HLM: In October 2010, HLM hosted its first tweet chat which drew 100 participants and resulted in 500 tweets.  Since then HLM has hosted several successful tweet chats on a range of topics including Healthy People 2020, health reform, health literacy stories and how young people gather online health information.   Since it began hosting the chats HLM has increased its network by 1000.  According to the hashtag tool The Archivist there have been over 8,300 tweets which have used the #healthlit hashtag since October 2010.  
NPIN:  For 2010 National HIV Testing Day NPIN held a tweet chat event that included representatives from 99 state and local health departments, community-based organizations and activists/influencers.  Over 1000 tweets, representing 145 Twitter accounts, were tracked using the event hashtag (#NHTD).  NPIN’s Twitter following increased by 10% during the week of the event.
The four Ps of tweet chats:  plan, prepare, promote, publish
The panelists  suggested the following tips to successfully host a tweet chat:
  • Participate in existing tweet chats to understand and get comfortable with the format.  Click here for a description and schedule of health care tweetchats compiled by the Fox Group.  A recent blog post by social media coach Jane Fouts offers helpful advice on how to participate in a tweet chat. 
  • Choosing a topic for your chat is crucial.  Find out what your audience is talking about by identifying, following and analyzing popular hashtags.  (Click here to view a list of health care hashtags, also compiled by the Fox Group.)  
  • Know your goals:  Determine what you are trying to accomplish, identify your target audience, understand what issues need to be a part of the conversation and why this topic is important to your audience, determine the main message you want people to remember.
  • Assemble a team to manage the chat and assign responsibilities.   The size of the team will depend on your organization’s resources and the expected attendance.
Director:  oversees the overall operation of the chat; directs questions, watches the clock and makes decisions on how to respond to issues or questions that arise.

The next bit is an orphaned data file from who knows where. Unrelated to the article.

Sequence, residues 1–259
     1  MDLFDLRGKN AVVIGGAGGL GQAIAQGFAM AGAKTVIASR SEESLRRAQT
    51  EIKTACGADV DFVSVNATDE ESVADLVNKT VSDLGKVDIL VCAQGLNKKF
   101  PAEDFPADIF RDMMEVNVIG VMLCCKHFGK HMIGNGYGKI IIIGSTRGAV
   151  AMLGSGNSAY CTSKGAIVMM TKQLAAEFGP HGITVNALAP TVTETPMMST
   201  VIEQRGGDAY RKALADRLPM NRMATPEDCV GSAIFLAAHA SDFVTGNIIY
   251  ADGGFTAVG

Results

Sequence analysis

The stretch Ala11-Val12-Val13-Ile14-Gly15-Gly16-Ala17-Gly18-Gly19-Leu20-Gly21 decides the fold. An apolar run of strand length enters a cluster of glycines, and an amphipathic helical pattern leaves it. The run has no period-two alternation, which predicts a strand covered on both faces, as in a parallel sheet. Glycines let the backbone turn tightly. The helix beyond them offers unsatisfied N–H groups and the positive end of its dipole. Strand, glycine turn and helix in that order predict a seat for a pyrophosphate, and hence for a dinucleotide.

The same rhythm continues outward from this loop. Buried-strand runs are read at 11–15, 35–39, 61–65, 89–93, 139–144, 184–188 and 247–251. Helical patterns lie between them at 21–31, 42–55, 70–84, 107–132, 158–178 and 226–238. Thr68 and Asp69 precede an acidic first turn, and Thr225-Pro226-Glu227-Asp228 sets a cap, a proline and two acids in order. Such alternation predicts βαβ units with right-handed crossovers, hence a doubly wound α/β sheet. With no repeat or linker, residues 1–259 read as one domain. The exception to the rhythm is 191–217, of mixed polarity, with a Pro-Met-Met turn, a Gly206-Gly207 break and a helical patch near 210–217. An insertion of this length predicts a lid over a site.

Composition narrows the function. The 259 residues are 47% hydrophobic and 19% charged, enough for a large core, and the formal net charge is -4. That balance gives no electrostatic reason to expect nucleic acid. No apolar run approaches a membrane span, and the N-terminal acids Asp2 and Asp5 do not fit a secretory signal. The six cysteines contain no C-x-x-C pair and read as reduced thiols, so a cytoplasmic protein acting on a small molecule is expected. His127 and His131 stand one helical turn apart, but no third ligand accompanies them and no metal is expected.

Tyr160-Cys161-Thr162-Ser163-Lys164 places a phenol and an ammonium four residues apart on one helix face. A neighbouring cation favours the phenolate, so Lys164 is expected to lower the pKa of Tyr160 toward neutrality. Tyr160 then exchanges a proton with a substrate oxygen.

Moderator: responsible for sending out pre-written tweets and keeping the conversation moving along. 
Monitor: keeps track of questions asked by participants and directs them to appropriate respondent.  More than one monitor may be needed.
Responder: answers participants’ questions.  Depending on the number of topics and participants, multiple responders may be needed.   Try to anticipate questions and prepare responses ahead of time. 
  • Use tools like TweetChat to help manage the actual event and monitor the conversation.
  • Make your event timely by choosing a topic that people are actively talking about or plan your chat to coincide with national events.
  • Start promoting well in advance of your chat date.
  • Identify a panel of influencers who are leading conversations about your topic (both online and offline) and invite them to participate.   Hashtag tools like Topsy, Hashtracking and The Archivist can help you identify top Twitter users for specific hashtags
  • Make it easy for influencers and other supporters to promote your chat via their networks by offering them sample tweets.
  • Promote the chat via your own Twitter account and other communication channels such as e-newsletters, your blog or other networks.
  • Invite relevant organizations as well as individuals.
  • Summarize and archive the key points that came out of the chat including relevant resources related to the chat.   Distribute the summary to your audiences.  
The panelists acknowledged that planning and preparing for tweet chats requires a significant time commitment; however, the results they shared were impressive, even for a single chat.   If you haven’t hosted a tweet chat you may be missing an opportunity to make the most of your Twitter account.

Please consider retweeting this post or following me @jamierauscher.